• Stress - All of these issues can lead back to stress. It goes back to the "fight or flight" and "rest and digest" idea of our nervous systems. If we put all our energy into fighting stress, we prevent adequate blood flow to our digestive system, which can lead to inflammation, poor organ function and a "leaky gut". Organs that can be affected are your stomach, liver, gallbladder and intestines. 

As it can be any one, or all of the above, its best to understand your digestion from the start. So...

Let's start at the very beginning...A very good place to start.

Digestion actually begins even before you take your first bite. Salivation, stimulated by hunger or smell, sends signals to your digestive track to start producing enzymes, stomach acid etc. You then take your first bite...yum! However, if your stomach is not able to produce enough stomach acid, or HCl, digestion is impeded. Heartburn is a common symptom of low HCl. At the end of the esophagus is a sphincter (an elastic band per say), and it opens and closes to let food into the stomach. Ideally, adequate stomach acid sends a signal to the sphincter to tighten, preventing any acid and food from irritating the esophagus while breaking down your food. This sphincter can become weak or lazy due to low acid (but also such things as overuse of ant-acids, stress, obesity and pregnancy), and symptoms may arise.  Protein is broken down first by HCl. Have difficulty digesting red meat? This may be why! If food is not broken down properly in the stomach, your intestines have to work harder and inflammation can arise, causing bloating.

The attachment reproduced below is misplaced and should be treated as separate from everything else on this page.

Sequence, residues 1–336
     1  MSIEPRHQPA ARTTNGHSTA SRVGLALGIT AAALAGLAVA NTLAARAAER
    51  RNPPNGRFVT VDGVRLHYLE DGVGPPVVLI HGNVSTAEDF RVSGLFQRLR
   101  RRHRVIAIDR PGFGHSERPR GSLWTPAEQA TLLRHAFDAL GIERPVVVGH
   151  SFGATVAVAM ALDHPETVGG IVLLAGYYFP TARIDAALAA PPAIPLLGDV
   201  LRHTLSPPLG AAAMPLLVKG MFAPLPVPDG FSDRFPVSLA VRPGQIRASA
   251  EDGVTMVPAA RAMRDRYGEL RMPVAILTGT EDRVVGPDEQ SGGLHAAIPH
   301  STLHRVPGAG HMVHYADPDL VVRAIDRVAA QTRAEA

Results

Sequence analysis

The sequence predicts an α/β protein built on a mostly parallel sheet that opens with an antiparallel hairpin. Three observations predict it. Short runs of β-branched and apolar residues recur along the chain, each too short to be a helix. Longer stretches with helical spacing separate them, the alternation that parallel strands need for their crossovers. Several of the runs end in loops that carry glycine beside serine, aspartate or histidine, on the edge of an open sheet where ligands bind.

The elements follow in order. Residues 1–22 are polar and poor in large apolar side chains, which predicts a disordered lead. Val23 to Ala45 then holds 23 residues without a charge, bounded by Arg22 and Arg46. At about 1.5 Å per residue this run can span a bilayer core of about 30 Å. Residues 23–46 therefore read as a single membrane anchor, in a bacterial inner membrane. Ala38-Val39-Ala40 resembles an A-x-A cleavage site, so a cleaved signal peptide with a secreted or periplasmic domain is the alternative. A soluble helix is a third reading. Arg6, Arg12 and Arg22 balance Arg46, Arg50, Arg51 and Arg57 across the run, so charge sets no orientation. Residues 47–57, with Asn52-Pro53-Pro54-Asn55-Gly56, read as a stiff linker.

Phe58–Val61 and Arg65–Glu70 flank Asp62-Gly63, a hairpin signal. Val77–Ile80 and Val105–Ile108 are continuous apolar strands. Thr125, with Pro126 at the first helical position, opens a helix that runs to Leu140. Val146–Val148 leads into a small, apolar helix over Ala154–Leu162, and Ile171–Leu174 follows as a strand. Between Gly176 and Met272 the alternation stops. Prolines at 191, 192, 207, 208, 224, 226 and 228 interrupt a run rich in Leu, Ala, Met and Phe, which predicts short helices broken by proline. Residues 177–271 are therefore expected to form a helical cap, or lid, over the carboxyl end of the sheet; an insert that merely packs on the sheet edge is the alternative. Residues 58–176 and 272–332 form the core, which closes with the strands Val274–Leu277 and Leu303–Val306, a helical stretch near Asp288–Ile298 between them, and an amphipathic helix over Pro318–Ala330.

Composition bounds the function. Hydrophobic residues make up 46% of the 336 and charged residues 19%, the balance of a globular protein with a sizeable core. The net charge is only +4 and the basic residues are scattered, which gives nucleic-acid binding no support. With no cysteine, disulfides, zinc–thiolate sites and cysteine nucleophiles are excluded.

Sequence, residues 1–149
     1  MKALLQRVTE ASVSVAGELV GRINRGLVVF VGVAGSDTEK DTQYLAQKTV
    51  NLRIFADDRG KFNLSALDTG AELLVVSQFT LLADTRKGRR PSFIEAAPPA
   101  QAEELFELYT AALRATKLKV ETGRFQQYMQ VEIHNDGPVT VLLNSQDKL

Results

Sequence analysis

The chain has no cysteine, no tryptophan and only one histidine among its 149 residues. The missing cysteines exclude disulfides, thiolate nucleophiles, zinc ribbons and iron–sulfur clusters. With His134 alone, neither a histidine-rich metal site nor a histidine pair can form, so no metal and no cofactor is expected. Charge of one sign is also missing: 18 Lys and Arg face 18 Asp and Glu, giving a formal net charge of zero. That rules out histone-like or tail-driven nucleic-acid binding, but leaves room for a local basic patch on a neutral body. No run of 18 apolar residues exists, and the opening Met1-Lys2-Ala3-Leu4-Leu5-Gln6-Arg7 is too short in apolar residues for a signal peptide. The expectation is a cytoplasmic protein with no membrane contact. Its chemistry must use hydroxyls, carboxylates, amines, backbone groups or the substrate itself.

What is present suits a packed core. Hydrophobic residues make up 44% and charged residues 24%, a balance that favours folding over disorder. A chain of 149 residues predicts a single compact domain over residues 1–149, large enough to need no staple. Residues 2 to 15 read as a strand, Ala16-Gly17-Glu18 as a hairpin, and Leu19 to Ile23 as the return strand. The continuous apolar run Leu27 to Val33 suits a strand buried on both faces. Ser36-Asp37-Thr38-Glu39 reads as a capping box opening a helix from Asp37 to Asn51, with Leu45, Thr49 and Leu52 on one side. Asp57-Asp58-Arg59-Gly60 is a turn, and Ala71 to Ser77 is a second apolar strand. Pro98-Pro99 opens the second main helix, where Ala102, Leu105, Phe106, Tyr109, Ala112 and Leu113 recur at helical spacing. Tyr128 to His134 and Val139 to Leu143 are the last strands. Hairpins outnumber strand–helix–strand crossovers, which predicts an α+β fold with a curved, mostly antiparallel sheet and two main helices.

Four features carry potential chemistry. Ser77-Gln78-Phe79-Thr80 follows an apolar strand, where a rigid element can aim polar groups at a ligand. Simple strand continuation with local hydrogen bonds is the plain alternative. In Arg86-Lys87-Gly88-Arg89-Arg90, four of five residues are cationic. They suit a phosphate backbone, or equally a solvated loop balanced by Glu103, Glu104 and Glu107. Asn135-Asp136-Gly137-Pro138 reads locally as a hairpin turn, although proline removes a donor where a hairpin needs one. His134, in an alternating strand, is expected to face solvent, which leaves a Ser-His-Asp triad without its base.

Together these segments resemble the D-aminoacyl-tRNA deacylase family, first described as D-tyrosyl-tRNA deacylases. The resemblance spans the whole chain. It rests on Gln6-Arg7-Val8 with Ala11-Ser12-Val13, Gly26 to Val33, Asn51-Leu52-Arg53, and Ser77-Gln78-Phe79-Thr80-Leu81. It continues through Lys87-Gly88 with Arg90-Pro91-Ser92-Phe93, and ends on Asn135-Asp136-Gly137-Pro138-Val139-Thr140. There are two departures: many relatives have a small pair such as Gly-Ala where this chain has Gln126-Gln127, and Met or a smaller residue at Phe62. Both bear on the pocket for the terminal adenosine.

What can you do?

apple cider vinegar.jpg

Bitters, such as the herb Gentiana lutea, will initiate digestion and help eliminate bloating very successfully. However, one of the best at home remedies for bloating and heartburn is organic, unfiltered apple cider vinegar. Instead of suppressing stomach acid, it actually stimulates your bodies natural ability to produce stomach acid, while prepping your body for digestion. Even 1 tsp in water 10 minutes before meals will do the trick. Note that apple cider vinegar will not give relief if you have an ulcer or too much stomach acid. An HCl challenge, with your ND, is a useful tool to decipher if you have high or low stomach acid. 

If you have any questions about elimination diets, testing stomach acid, using apple cider vinegar or your bloating concerns please don't hesitate to book an appointment with me or your local ND. (More to come on bloating in the coming month.)

In health & happiness,

Dr. Karen